Monday, August 2, 2021

August 2, 1776 - The Signing of the Declaration of Independence

August 2,  1776 - The Signing of the Declaration of Independence.
I thought it was signed,  sealed,  and delivered on July 4 of  '76!
What's this all about?
Timothy Matlack's hand-scripted  (engrossed)  copy
of the Declaration of Independence from August 2.
Well,  it is said that the signing of the United States Declaration of Independence occurred primarily on August 2,  1776 at the Pennsylvania State House,  (now known as Independence Hall)  in Philadelphia,  Pennsylvania. 
The final draft of the Declaration was approved by the Continental Congress on July 4,  although the date of its signing has long been disputed.  Most historians have concluded that it was signed on August 2,  1776,  nearly a month after its adoption,  
According to historian Herbert Friedenwald,  there were 49 delegates in Philadelphia on July 4,  1776,  but only 45 would have been able to sign the document on that day.  Seven delegates were absent.  New York’s eight-person delegation didn’t vote at the time,  while it awaited instructions from home,  so it could never have signed a document on July 4.
August 2 was also the date when the assistant to the secretary of Congress,   Timothy Matlack,  produced a clean scripted copy,  and not on July 4 as is commonly believed by so many,  of which on that famous date only printed copies,  as seen at the bottom of this post,  were produced.
So,  many members of the Continental Congress started to sign the engrossed version of the Declaration on August 2,  1776,  in Philadelphia.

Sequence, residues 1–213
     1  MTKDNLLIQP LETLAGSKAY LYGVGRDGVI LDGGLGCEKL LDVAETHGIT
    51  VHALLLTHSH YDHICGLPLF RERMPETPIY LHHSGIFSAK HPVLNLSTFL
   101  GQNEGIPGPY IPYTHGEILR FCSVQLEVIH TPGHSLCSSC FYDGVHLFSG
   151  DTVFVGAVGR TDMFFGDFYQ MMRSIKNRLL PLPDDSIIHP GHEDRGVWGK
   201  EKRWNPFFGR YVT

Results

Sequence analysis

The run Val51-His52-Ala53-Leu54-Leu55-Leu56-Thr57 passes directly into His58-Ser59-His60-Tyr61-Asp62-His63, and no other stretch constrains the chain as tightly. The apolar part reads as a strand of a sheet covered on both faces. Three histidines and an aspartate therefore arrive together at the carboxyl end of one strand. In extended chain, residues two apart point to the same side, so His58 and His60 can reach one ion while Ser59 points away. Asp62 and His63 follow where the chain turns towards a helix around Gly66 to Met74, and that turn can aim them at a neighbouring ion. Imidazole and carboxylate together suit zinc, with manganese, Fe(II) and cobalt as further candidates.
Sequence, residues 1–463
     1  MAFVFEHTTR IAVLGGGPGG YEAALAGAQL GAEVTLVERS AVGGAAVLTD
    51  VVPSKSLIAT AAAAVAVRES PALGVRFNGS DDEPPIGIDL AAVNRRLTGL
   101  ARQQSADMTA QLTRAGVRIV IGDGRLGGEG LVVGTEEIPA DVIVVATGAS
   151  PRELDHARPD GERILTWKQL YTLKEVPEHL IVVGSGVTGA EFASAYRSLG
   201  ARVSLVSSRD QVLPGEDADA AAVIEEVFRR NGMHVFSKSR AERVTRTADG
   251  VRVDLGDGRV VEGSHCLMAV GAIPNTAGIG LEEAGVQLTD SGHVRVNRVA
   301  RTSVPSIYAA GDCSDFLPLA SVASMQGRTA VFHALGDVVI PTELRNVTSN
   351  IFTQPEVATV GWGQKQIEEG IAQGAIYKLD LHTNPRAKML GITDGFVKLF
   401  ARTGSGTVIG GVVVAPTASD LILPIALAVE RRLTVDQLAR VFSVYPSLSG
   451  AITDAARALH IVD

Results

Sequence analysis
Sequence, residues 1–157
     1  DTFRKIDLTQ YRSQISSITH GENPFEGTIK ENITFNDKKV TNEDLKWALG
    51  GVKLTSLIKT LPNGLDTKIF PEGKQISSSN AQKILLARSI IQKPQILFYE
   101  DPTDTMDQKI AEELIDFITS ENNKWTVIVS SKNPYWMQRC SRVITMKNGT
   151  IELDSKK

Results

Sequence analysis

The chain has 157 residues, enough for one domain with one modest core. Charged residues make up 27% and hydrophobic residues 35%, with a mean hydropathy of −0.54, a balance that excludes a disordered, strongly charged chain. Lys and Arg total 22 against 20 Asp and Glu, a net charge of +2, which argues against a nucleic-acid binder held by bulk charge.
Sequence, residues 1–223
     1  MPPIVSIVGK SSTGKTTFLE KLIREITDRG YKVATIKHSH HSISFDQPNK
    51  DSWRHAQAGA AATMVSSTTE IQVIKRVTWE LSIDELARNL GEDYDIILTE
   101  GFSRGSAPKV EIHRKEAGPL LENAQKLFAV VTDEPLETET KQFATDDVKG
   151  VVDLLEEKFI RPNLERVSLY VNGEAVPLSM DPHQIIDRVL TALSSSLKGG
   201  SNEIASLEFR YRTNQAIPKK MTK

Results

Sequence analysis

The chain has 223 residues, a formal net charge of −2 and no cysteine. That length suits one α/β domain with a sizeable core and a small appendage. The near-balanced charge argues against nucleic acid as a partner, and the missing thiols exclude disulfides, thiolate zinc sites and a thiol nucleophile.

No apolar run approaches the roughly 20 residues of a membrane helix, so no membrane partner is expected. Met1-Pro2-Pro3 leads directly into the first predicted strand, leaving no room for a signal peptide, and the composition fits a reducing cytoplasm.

John Hancock
John Hancock’s famous signature was in the middle, because of his status as President of the Congress.  The other delegates signed by state delegation,  starting in the upper right column,  and then proceeding in five columns,  arranged from the northernmost state  (New Hampshire)  to the southernmost  (Georgia).
Richard Henry Lee,  George Wythe,  Elbridge Gerry,  Oliver Wolcott,  Lewis Morris,  Thomas McKean,  and Matthew Thornton signed the document were not present on August 2,  so they signed after that date in 1776.
However,  the signers’ names weren’t released publicly until early 1777,  when Congress allowed the printing of an official copy with the names attached.  On January 18,  1777 printer Mary Katherine Goddard’s version printed in Baltimore indicated the delegates  “desired to have the same put on record,”  and there was a signature from John Hancock authenticating the printing. 

Now,  for your own knowledge sake,  I present to you a complete list of all 56 signers of the Declaration of Independence:

John Adams
Samuel Adams
Samuel Chase
Samuel Adams
Josiah Bartlett
Carter Braxton  
Charles Carroll
Samuel Chase
Abraham Clark
George Clymer  
Gerry Elbridge  
William Ellery
William Floyd
Benjamin Franklin
Button Gwinnett
Lyman Hall
John Hancock (president of the Continental Congress)
Benjamin Harrison
John Hart
Joseph Hewes
Thomas Heyward, Jr. 
Button Gwinnett
Benjamin Franklin
William Hooper 
Stephen Hopkins
Francis Hopkinson
Samuel Huntington
Thomas Jefferson
Francis Lightfoot Lee 
Richard Henry Lee
Francis Lewis
Philip Livingston
Thomas Lynch, Jr.
Thomas McKean
Arthur Middleton 
Lewis Morris
Robert Morris
John Morton
Thomas Nelson, Jr.
William Paca 
Robert Treat Paine
Stephen Hopkins
Robert Treat Paine
John Penn
George Read
Caesar Rodney 
George Ross 
Benjamin Rush
Edward Rutledge
Roger Sherman 
James Smith
Richard Stockton
Thomas Stone
George Taylor
Matthew Thornton 
George Walton
William Whipple
George Wythe
William Williams
James Wilson